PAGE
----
Your role as a beekeeper is to look out for the best interests of your honey bees. And at various times of the year or in specific situations, you can use an entrance reducer to do this.
Entrance reducers can be used for various reasons at different times of the season. But how do you know when you are being helpful?
After all… you don’t want to hinder bees and stop them from going about their buzzy business!
So how do you know when to use a beehive entrance reducer?
Keep reading for all the facts about using this handy bit of equipment…
When do you use a reducer in a beehive?
The main reason for reducing the hive entrance is to control traffic flow. But this can also be a way to regulate ventilation and temperature inside the hive. In addition, entrance reduction is necessary when bee colonies are small. For example, when they are newly established or struggling for some other reason.
The hive entrance allows bees to come and go, transporting food to sustain a growing colony.
Bees actually prefer small entrances!
In his fascinating book “Honeybee Democracy,” Thomas Seeley discovered that bees prefer an entrance of just 2.3 square inches (15 cm²).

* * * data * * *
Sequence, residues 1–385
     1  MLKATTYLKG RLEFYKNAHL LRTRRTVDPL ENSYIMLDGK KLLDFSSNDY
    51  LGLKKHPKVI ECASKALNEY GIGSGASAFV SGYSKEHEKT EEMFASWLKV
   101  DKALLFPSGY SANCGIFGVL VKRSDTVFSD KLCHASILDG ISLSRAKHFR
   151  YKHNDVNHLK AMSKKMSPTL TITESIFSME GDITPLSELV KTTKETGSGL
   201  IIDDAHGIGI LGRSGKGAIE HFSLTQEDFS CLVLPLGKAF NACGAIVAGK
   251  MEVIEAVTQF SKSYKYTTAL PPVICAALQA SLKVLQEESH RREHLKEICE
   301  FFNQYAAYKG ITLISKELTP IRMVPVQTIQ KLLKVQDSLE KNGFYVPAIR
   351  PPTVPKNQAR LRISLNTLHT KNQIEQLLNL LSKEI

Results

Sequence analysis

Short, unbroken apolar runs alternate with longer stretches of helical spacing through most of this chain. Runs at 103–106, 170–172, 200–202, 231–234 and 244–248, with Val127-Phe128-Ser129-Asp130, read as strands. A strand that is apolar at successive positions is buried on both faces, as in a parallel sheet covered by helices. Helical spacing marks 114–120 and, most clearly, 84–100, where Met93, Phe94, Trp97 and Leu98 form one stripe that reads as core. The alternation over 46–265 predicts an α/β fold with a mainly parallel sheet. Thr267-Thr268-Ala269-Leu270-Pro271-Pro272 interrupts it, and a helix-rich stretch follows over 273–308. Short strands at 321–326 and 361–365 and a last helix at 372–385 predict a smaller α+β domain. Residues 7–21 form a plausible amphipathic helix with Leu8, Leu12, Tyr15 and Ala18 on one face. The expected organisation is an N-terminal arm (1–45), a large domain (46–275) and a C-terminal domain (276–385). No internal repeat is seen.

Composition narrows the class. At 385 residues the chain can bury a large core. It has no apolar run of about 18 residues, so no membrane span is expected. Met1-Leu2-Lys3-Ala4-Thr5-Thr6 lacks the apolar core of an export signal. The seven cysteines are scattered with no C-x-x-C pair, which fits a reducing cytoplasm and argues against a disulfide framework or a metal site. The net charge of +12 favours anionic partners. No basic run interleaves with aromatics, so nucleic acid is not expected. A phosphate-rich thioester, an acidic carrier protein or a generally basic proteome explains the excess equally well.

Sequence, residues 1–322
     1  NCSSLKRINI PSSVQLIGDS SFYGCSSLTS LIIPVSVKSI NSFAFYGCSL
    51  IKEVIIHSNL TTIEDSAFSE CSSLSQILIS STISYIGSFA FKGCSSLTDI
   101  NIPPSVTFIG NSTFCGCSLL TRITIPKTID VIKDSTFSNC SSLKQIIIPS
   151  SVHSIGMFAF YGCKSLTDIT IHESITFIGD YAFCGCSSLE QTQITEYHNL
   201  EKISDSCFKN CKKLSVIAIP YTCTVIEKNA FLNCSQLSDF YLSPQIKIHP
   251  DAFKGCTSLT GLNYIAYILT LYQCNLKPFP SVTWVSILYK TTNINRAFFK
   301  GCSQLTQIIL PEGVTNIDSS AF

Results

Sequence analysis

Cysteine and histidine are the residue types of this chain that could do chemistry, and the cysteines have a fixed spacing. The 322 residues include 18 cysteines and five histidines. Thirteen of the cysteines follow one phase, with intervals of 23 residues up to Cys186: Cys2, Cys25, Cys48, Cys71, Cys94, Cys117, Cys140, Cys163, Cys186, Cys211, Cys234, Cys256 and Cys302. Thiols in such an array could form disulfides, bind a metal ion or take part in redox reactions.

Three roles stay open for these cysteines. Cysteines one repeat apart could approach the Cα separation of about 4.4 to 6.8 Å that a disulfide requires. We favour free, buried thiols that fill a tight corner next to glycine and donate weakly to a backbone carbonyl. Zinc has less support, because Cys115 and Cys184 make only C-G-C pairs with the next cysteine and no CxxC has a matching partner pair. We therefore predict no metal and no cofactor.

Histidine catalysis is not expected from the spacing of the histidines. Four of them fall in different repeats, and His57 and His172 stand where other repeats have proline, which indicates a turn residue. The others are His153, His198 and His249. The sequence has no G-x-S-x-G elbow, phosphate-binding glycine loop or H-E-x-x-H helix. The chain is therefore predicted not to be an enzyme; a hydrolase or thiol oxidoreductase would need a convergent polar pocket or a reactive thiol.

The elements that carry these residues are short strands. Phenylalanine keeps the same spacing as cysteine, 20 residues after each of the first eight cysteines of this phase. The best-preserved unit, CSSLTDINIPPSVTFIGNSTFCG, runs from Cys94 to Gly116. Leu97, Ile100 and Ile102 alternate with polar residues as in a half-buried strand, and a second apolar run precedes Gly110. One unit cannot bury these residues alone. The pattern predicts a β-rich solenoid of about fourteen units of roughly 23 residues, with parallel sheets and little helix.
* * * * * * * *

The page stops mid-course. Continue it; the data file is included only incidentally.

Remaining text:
Most hive entrances are bigger than this. It allows you to adjust the entry size throughout the season using an entrance reducer (or sometimes nothing at all).
Smaller entrances are easier to defend against pests and predators. Whereas larger openings improve airflow, affecting internal temperatures and condensation.
Standard wooden reducers for Langstroth hives are designed to fill the entrance snugly. They can be rotated to create small or even smaller access…
Other designs are made out of plastic or metal. This stainless steel version was based on Thomas Steeley’s research and aimed to create the “perfect entrance”!
Should I use a hive entrance reducer?
Yes, a hive entrance reducer is an important and simple tool. It allows the beekeeper to control events when honey bees need a helping hand.
A honeybee colony is a dynamic organism. The population shrinks in winter and expands in the summer. Bees are relentless in their quest to grow and multiply, but sometimes they struggle.
Modifying the entrance is one of the ways beekeepers can lend a helping hand.
Let’s look at the different situations where entrance reduction is a helpful tactic…
When to put an entrance reducer on a beehive
When installing bees from a package or a nuc (nucleus):